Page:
You can also put an on/off switch in order to power your robot but this is an optional step. If you want to do it, simply cut the power wire from the batteries and solder it in the switch. Do not cut the ground wire.

Step 5: Light Dependent Resistors and Final Wiring

Light Dependent Resistors or just photoresistors, are the eyes of your robot. They are responsible for light detection and they will tell to your robot to move to the brightest light source. Place them to your breadboard, one on each side to determine the left - right orientation, and connect one end of the photoresistor to the power and the other to the ground through a 10kΩ (kilohm) resistor. Connect the left photoresistor to Analog Pin A2 on the Arduino. The right photoresitor goes to Analog Pin A0. If your robot goes to the darkest side of the room instead of the brightest just switch the pins and it will be ok.

Lets move on to the servos. Attach the 3 pin header of each of the servos in the breadboard. The colors of the wires indicate the purpose of each wire. Red is for the power, black goes to the ground and white goes to Arduino. Be careful not to mess with power and ground, or else you can damage the servo. Read carefully the instruction manual of your servo and write down what the color of each wire means. When a servo motor starts to move, it draws more current than if it were already in motion. This will cause a dip in the voltage on your board. By placing a capacitor accross power and ground right next to the male headers you can smooth out any voltage changes that may occur. For the two continuous rotation servos i used 2 x 330μF capacitors and for the micro servo i used 1 x 100μF capacitor. Be very careful to make sure you are connecting the cathode to ground (that's the side with a black stripe down on the side) and the anode to power. If you put the capacitors in backwards, they can explode. Now attach the left servo to Digital Pin 10 on the Arduino and the right servo to Digital Pin 11. Also, attach the micro servo to Digital Pin 6.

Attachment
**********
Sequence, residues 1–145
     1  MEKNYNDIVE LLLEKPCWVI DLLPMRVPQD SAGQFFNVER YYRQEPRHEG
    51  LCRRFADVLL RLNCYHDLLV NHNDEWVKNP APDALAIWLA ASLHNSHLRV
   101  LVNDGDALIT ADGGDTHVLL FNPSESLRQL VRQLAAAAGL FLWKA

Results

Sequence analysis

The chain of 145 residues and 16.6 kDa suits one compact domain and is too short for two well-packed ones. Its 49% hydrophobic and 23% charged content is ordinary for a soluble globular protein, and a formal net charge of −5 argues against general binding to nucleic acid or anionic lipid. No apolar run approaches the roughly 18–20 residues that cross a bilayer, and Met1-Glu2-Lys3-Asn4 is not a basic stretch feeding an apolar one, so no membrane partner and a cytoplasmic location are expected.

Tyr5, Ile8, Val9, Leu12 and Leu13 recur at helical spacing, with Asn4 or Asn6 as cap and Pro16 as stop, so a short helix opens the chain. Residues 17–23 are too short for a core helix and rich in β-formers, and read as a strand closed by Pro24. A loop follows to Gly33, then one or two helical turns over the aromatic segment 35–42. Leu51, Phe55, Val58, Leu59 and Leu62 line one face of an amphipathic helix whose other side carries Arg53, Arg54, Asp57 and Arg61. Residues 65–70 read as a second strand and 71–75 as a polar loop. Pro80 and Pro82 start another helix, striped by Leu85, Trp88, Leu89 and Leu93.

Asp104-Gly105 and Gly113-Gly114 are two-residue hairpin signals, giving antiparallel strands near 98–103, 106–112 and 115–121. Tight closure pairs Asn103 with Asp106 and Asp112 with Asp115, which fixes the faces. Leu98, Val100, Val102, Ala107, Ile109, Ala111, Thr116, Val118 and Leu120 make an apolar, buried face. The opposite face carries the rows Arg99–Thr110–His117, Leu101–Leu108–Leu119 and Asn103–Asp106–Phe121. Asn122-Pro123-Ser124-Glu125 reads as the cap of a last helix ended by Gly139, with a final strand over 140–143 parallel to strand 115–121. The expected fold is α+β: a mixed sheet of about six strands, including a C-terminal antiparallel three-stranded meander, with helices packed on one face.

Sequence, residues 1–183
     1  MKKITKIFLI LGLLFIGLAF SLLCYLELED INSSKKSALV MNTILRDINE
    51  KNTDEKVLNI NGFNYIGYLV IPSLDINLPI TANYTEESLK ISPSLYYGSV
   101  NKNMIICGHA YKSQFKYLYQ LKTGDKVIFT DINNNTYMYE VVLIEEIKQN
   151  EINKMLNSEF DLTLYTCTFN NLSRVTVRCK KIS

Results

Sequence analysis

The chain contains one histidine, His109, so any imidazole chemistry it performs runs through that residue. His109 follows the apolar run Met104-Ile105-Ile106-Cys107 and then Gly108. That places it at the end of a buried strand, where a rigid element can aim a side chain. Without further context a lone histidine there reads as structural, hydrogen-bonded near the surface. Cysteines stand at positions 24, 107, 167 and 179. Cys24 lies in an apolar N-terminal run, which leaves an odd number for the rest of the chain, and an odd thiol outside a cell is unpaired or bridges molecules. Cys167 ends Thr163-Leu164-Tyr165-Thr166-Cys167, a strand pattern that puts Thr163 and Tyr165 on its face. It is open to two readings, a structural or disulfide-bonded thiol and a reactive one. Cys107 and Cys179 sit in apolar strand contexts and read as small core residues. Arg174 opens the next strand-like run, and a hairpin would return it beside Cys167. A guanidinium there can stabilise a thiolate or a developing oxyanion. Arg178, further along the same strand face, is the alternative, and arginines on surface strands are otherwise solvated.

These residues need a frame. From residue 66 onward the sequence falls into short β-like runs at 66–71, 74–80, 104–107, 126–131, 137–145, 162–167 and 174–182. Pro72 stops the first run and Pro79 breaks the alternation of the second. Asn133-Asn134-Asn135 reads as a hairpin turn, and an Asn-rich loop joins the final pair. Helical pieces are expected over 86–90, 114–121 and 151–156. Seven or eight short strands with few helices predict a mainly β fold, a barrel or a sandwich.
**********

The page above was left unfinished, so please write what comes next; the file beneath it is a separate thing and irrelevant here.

Finally, we must connect the distance sensor. Attach the Vcc pin to power, the Gnd pin to ground, the Trig pin to Digital Pin 7 and the Echo pin to Digital Pin 4 on your Arduino. Thats it!

Lastly, we must connect power to our breadboard. As you can see in the image that shows the schematic of our circuit, i have used two different power sources in the same breadboard. One is for the servos and the other for the sensors. Be very careful not to mix the wiring because you will be in trouble. Follow the schematic picture and pay attention!

We just built our robot!!!

But it cant do anything until we programme it. So lets go!!

Step 6: Arduino Code

First of all you need to center your continuous rotation servos. By centering them, i mean to stop them from spinning freely all the time. Type the code below and upload it to your arduino. Now two things are going to happen. Either the servos will not spin, which means that they are already centered, or they will spin at some speed. If they spin you must do something. Continuous servos have a screw in the side where their cables are. Take the screwdriver and while the servo is spinning screw or unscrew the screw a little bit until the servo stops. This is how you center them. The brake (center) is at 90, full throttle left is 0 and full throttle right is 180.

#include

Servo leftMotor;
Servo rightMotor;

void setup() {

rightMotor.attach(11);
leftMotor.attach(10);

}

void loop() {

rightMotor.write(90);

leftMotor.write(90);

}

Now you are ready to programme your arduino robot!! Get that code and upload it to your Arrduino!! Hopefully everything is going to work perfectly!!

#include //include Servo library


#define trigPin 7 //the trig pin from distance sensor

#define echoPin 4 //the echo pin from distance sensor


const int RForward = 120; //the speed of the servo, maximum speed is 180

const int RBackward = 60;

const int LForward = 60;

const int LBackward = 120;

const int RNeutral = 90; //centered position

const int LNeutral = 90;